Among the many benefits ascribed to energy efficiency is the fact that it can help create jobs. Although this is often used to motivate investments in efficiency programs, verifying job creation benefits is more complicated than it might seem at first. This paper identifies some of the issues that contribute to a lack of consistency in attempts to verify efficiency-related job creation. It then proposes an analytically rigorous and tractable framework for program evaluators to use in future assessments.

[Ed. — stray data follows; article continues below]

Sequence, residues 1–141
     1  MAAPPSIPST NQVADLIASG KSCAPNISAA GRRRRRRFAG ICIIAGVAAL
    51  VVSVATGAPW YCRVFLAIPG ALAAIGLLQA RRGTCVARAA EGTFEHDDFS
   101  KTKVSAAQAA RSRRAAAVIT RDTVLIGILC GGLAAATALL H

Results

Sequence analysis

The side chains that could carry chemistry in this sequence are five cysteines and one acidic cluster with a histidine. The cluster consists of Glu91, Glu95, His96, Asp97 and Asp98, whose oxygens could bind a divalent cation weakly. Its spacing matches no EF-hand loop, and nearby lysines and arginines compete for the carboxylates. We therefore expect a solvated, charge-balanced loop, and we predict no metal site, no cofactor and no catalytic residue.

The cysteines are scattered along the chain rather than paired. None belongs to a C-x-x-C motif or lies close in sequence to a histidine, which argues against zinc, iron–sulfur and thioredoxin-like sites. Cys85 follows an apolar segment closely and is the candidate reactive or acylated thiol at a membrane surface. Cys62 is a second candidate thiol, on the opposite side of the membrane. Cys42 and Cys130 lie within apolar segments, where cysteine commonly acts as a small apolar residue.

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This presentation provides an overview of New Jersey Clean Energy's approach to contractor engagement, including contractor participation requirements, procedures for quality assurance and quality control, production incentives, training procedures, and an online contractor portal.